Landscape Recording: Static/Dynamic IV", 2011, oil on canvas, 32 x 40
How did you get into painting and art? and What is your training?
I have painted all my life and enjoy trying out new materials and techniques. I went through a phase of being into earth pigments and went into the Kremer Pigments shop in Manhattan all the time buying gilding gold leaves and linseed oils. I also ordered bags and bags of colored powdered pigments from Sinopia in San Francisco and used casein and different matrices and did some wall murals-- always testing. But, my first real academic class in painting was in college where I had an inspirational professor named Don Evans. He lives in Nashville and encouraged us to let the paint's physical properties direct our work. He grew up in Abstract Expressionism. It was in New York at Parsons School of Design that I learned more about the decorative arts and began incorporating space and place into my art.
Landscape Recording III: Static/Dynamic, oil on canvas, 32 x 40, 2011; Hay + Straw II, oil on canvas, 23 x 40, 2011
Do you see yourself as a landscape designer who paints or as a painter who also does landscape architecture?
Landscape Recording VII: Static/Dynamic, oil on canvas, 32 x 40, 2011; Landscape Recording V: Static/Dynamic, oil on canvas, 9 x 14, 2011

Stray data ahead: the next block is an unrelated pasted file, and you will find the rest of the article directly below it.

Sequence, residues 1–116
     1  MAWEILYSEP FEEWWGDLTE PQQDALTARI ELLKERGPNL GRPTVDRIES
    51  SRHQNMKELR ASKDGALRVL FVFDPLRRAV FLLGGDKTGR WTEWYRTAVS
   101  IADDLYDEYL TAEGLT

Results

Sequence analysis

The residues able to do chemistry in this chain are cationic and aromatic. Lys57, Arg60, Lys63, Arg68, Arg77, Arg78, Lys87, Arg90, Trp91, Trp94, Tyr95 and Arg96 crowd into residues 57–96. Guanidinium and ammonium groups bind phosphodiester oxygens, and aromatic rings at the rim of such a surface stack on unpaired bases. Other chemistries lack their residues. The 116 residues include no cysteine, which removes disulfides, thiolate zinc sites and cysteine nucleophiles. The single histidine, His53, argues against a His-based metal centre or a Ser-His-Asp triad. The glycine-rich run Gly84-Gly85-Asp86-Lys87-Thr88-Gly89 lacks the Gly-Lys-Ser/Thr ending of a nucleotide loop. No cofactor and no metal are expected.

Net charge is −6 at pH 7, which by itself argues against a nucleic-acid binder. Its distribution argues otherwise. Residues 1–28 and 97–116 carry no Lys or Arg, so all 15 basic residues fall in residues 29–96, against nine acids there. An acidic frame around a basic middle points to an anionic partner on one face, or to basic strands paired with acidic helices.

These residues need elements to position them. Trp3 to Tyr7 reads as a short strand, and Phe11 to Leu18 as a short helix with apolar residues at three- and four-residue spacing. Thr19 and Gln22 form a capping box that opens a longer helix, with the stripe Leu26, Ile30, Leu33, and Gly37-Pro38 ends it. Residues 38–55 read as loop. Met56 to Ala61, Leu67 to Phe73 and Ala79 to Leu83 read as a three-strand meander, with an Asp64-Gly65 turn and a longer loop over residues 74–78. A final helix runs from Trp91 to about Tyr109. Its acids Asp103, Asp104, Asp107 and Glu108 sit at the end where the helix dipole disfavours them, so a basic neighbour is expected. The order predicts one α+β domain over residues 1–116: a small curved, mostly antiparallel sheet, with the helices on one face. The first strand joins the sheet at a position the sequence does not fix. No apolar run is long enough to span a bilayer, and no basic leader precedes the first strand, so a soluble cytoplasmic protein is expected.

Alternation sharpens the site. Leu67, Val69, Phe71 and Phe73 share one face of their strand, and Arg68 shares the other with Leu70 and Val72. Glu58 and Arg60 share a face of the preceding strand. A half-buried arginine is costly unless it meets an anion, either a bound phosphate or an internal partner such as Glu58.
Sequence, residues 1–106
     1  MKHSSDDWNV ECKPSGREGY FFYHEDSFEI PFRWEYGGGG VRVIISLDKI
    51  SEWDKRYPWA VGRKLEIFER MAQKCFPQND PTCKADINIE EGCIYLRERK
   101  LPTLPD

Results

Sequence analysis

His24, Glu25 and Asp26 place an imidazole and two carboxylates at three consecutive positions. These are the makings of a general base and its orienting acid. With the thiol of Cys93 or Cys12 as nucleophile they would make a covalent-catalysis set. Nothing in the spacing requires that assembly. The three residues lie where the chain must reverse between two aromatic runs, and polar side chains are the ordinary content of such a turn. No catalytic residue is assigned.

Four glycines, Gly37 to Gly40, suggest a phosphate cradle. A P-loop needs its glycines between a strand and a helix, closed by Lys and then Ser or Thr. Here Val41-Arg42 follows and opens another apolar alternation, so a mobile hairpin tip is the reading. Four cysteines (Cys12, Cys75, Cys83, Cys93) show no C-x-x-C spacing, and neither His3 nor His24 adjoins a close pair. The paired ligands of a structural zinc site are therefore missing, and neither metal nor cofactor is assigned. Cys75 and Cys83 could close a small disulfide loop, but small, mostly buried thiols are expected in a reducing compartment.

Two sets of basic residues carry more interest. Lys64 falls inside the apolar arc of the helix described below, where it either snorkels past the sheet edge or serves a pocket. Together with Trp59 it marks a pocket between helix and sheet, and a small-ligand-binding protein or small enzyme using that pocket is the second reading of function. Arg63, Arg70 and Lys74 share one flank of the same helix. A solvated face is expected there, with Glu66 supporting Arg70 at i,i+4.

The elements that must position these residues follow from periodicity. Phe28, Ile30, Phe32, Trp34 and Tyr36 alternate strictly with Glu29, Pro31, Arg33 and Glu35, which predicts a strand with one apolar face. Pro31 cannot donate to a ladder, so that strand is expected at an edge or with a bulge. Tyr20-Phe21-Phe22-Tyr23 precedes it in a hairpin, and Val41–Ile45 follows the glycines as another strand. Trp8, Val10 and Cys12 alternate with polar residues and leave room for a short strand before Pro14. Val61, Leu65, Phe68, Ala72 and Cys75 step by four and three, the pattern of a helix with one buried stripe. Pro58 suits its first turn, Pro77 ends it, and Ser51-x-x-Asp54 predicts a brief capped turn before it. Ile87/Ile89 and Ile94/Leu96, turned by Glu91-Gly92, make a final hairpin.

Where do you find inspiration? What would you say influences your work?
I'm inspired by cars from the 1950's and 60's! Their chrome and thick metal bodies. The complex curves and weightiness. They are functional and grandly decorative. Their paint colors. Also, when I see "weathering" in any material I'm always inspired. . . petrified wood, rot, fungus, oxidation,. . . allowing these processes to happen and planning for their unpredictability in our controlled world. . .Hay + Straw I, oil and gold pigment on canvas, 23 x 40, 2010
What is your process?
I choose a site-- normally an urban greenspace-- and walk the site for several hours. Then I decide on a place in that site to analyze and I bring my canvas and oil paints. I draw the underdrawing in a #2 pencil and then return to the spot and paint onsite all day for several days, sitting on the ground. Painting directly onsite without photography is important to me because I want to avoid digital interfaces between me and the experience. Painting can be quite emotional and direct.
Thanks Erika! Look out for more of Erika's input on a future post about art collecting!